We all know that we inherit physical traits from our parents. But now, research has shown that heredity can play a role in the development of cancer. In fact, it’s estimated that approximately 10 percent of all breast and ovarian cancers are genetically inherited. Fortunately, steps can be taken to identify this inherited susceptibility.
Looking for Answers in DNA
DNA is the molecule that contains the genes that tell our bodies how to grow and develop. It allows transmission of genetic information from generation to generation. Now, by means of a test, doctors can see if you’re genetically predisposed to certain cancers. But even if your results are positive, consider yourself fortunate. Because now, you and your doctor can take important precautionary steps that could help save your life.
Genetic Risk Assessment Program
The Breast Center at Memorial Healthcare Plaza offers a genetic screening and assessment program to identify individuals who are at a higher risk to develop breast and ovarian cancer. A multidisciplinary team of nurses and doctors will provide a comprehensive education, assessment of risk factors and recommendations regarding cancer screening, lifestyle management and treatment decisions.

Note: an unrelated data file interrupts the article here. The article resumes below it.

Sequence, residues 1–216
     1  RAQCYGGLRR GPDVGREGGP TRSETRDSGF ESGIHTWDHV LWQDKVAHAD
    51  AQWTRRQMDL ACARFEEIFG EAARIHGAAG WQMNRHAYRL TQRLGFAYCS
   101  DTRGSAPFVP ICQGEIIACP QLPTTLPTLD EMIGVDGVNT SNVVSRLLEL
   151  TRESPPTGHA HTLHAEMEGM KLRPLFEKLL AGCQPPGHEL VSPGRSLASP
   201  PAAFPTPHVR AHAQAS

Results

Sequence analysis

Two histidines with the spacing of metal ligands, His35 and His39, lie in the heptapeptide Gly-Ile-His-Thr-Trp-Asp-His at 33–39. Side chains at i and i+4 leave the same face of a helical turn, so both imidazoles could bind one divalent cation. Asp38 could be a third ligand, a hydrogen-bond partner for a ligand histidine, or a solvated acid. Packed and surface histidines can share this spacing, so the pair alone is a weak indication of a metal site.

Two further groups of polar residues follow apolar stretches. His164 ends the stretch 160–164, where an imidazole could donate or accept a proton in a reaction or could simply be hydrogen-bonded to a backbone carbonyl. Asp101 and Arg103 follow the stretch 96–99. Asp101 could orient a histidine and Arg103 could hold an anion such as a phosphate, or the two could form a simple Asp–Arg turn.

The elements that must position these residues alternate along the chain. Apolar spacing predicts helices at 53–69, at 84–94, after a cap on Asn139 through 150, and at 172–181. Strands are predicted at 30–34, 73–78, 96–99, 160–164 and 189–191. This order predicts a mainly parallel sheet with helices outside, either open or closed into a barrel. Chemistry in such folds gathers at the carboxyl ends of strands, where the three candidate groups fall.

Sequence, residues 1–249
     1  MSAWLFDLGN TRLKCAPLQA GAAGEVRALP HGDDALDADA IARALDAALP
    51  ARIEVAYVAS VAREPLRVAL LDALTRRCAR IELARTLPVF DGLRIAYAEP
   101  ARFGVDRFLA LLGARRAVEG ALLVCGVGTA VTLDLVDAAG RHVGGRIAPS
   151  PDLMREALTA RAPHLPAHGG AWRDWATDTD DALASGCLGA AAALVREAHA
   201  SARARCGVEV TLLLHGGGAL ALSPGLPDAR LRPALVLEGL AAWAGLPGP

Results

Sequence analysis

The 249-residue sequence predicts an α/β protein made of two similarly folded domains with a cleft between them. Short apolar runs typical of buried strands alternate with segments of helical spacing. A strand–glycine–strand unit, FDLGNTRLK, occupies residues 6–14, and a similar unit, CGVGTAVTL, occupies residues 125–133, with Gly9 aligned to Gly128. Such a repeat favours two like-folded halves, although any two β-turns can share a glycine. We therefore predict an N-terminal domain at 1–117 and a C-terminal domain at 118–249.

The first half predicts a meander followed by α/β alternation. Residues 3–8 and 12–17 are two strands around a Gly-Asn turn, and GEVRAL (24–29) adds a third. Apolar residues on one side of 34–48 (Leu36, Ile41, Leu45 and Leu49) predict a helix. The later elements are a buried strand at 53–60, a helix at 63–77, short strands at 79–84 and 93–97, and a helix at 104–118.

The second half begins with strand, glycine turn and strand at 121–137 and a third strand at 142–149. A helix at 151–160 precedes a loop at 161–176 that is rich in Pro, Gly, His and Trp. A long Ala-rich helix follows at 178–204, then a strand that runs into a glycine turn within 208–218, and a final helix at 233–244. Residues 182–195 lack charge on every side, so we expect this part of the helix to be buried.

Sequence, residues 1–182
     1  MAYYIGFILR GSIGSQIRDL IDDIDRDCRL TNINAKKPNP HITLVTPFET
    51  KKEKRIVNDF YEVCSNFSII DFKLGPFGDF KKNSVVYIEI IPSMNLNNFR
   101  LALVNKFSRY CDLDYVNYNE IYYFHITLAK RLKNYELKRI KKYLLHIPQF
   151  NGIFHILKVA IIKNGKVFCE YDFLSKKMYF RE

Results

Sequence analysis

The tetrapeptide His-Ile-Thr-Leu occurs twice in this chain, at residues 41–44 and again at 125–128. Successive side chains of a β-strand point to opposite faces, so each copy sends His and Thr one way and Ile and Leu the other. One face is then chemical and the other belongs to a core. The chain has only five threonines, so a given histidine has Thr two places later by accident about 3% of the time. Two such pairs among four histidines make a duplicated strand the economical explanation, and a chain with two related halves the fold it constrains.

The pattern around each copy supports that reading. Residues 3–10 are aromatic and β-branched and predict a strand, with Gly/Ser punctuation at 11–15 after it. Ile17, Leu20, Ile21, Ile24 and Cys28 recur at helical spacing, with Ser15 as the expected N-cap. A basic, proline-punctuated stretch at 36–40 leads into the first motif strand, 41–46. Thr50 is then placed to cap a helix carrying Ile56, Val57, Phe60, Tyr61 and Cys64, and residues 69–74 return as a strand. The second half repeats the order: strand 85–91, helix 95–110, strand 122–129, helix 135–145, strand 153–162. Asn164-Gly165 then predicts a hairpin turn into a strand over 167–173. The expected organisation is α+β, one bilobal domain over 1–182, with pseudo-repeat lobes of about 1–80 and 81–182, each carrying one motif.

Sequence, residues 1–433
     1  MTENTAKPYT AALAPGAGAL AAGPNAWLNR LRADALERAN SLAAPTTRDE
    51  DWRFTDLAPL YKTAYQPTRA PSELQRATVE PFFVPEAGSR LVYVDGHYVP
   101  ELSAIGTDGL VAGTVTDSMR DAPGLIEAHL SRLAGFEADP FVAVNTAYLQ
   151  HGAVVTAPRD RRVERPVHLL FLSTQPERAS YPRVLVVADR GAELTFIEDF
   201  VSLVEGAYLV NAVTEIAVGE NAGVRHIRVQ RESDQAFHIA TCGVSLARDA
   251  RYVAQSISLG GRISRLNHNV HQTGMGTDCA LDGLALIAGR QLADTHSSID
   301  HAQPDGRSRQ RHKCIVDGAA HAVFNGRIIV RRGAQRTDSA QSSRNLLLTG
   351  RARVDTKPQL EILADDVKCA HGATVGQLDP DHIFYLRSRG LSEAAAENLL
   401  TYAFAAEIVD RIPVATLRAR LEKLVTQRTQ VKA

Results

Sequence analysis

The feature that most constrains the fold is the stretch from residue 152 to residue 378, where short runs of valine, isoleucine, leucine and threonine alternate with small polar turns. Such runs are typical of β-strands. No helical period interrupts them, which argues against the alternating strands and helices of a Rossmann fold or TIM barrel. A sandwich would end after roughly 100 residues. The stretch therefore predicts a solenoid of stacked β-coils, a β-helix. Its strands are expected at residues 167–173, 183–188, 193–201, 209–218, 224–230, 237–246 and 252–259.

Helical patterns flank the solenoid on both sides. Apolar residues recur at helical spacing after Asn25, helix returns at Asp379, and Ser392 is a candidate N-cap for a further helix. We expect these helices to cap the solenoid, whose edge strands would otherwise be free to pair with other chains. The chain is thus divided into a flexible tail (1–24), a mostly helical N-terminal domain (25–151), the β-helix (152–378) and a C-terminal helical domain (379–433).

- Have you been diagnosed with breast cancer before age 50?
- Have you been diagnosed with ovarian cancer (at any age)?
- Do you have relatives who have been diagnosed with breast cancer before age 50?
- Do you have relatives who have been diagnosed with ovarian cancer (at any age)?
- Do you have relatives who have been diagnosed with male breast cancer?
If you answered yes to any of these questions, you may want to ask your physician or other healthcare professional for more information about assessing your cancer risk.
Risk Assessment Services
Risk assessment is a very confidential and intimate process that begins with a brief phone interview with a trained genetic risk assessment nurse. If further screening is indicated, a detailed family history questionnaire is completed by the patient and an appointment for a personal risk assessment session is arranged.
The assessment educates the patient and explains the genetic testing process and the information it reveals. It also explains the benefits and implication of being tested, as well as insurance and cost issues. Should the patient decide to proceed, a blood sample is taken for analysis.
If the test suggests an increased risk for an inherited form of breast cancer or ovarian cancer, a panel of physicians is available to recommend a personal plan for prevention and early detection. This may include increasing the frequency of screening or more invasive interventions such as surgery.
Each patient receives an individualized plan for follow-up care. For more information call 399-6275.